Jul 092014 22 Responses

This Is Who You Want to Marry

I’ve never seen it on someone’s Top Ten list of traits for a future spouse. Yet one characteristic I would demand regarding a future spouse is a healthy work-ethic.

It’s late at night as I write this. Having put the kids to bed, Jenny and I have opened up our laptops. I’m forming sentences as she is surveying spreadsheets. She’s worked all day. The first hour was spent getting kids ready. The next seven were spent on her company. The next few hours were spent watching kids and talking to clients. A few hours were spent cooking, cleaning, spending time with family, and putting kids to bed. Now a few more are spent trying to get some things completed which were not finished earlier.

Not every night is like this. She’s not a workaholic, but she is a hard worker.

Never marry someone who isn’t. (See: Dating to Break-Up–a Unique Perspective)

Laziness kills relationships.

It might look appealing at first. It seems easy and laid-back. But when you marry a lazy person you will either have to do the work of two people or live in the consequences of their laziness. Neither are desired.

A healthy work-ethic is necessary for a well-balanced relationship. If a person is lazy, the marriage becomes unequal. One spouse does more work than the other. This easily results in bitterness and/or entitlement. It makes one spouse the parent and the other a child, but marriage is about partnership.  (See: You’re Not My Soul Mate)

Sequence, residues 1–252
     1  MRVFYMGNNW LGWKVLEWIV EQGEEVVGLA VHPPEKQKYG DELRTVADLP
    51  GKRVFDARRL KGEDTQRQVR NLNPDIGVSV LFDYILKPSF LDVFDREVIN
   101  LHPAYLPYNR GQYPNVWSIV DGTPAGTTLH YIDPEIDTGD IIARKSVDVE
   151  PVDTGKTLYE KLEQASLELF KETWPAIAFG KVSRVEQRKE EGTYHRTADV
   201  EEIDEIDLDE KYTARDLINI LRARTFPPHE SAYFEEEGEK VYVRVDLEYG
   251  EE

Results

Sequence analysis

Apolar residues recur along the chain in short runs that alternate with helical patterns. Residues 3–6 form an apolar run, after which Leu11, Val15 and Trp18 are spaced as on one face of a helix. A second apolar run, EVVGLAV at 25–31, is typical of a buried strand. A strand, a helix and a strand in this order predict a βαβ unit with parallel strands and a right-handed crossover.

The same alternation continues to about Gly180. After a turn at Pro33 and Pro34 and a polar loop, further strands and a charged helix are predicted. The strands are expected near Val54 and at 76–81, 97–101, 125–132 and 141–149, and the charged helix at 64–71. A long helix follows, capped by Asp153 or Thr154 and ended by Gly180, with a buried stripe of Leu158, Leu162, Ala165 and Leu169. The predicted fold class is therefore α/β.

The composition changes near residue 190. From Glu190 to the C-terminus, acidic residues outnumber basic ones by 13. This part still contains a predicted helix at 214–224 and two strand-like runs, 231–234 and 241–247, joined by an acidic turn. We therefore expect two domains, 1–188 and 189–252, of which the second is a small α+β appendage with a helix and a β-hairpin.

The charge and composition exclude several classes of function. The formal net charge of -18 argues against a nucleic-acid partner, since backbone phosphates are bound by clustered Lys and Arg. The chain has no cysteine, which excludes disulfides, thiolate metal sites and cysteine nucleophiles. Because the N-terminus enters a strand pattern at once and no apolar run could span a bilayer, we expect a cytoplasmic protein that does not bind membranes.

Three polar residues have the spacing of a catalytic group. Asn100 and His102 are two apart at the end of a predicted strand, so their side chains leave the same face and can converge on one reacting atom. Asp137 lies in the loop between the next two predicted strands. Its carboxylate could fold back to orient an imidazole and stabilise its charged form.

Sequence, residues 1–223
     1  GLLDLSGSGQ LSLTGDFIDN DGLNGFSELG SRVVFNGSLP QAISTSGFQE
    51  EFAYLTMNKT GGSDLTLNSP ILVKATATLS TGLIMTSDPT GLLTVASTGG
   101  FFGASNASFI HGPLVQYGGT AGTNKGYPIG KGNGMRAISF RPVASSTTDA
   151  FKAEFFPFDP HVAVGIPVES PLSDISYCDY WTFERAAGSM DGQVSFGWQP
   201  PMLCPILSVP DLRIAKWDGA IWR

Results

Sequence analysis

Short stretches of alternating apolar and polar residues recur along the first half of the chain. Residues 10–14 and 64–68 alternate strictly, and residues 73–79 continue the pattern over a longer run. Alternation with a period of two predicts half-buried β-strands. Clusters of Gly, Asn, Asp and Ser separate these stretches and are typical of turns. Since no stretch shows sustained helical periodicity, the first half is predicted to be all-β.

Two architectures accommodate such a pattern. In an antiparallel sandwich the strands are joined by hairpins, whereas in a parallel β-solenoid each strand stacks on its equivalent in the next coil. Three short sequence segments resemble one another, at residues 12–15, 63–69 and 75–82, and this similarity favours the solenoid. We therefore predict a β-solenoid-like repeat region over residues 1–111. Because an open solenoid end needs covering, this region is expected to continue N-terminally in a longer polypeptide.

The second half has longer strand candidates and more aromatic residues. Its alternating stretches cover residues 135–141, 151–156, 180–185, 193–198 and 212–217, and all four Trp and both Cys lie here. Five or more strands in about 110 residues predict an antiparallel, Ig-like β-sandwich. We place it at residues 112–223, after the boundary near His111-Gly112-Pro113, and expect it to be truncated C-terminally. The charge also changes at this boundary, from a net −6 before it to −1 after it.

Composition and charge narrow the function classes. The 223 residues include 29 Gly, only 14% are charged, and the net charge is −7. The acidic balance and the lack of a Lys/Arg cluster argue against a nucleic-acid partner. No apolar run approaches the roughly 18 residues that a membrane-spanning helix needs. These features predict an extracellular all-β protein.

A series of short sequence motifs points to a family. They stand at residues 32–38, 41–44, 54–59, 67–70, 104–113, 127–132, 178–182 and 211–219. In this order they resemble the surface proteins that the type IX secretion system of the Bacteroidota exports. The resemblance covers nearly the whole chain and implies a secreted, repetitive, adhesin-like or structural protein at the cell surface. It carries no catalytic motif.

Partnership requires equal effort. It doesn’t require both parties to be involved in the same type of work; as a matter of fact, the more diversified the efforts, the more well-rounded the couple. The same type of work isn’t necessary but the same amount of work is.

In a healthy marriage, both partners are giving equal effort to make the partnership work. While there might be seasons in which this isn’t true—illness or other situations might limit the capability of one partner—most of the time it is the defining characteristic.

Mutual satisfaction is most often found with mutual work. Only one might draw a paycheck, but in a happy relationship both partners are contributing to the well-being of the relationship. (See: Never Marry Someone Who Blames the Umpire)

Work-ethic isn’t always easy to identify while dating, especially if you are in college, but there are some clues:

Does the person study regularly and take their school work seriously?

If they have a job outside of school, do they do that job to the best of their ability?

If given a responsibility, do they follow through with it?

Do others view them as lazy?

Lazy people make bad spouses. They expect to have the fruits of labor but they are unwilling to do the labor. Most often they expect their spouse to do the work for them. (See: Marry a Partner, Not a Child)

It’s okay to be friends with someone who is lazy, but never marry them. Life is too hard and success takes too much work for half of the partnership to hold you back.

Only marry someone who is willing to work just as hard as you are. If you don’t, you will forever be frustrated, lonely, and tired.

But if you marry someone who works hard at their job and the relationship, you will always have a partner by your side. Marriage is a partnership between equals, therefore work-ethic should be an essential quality in who you choose to marry.

22 Responses to This Is Who You Want to Marry
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  3. […] These assumptions do not mean both will: (See: This Is Who You Want to Marry) […]... https://www.kevinathompson.com/marry-partner
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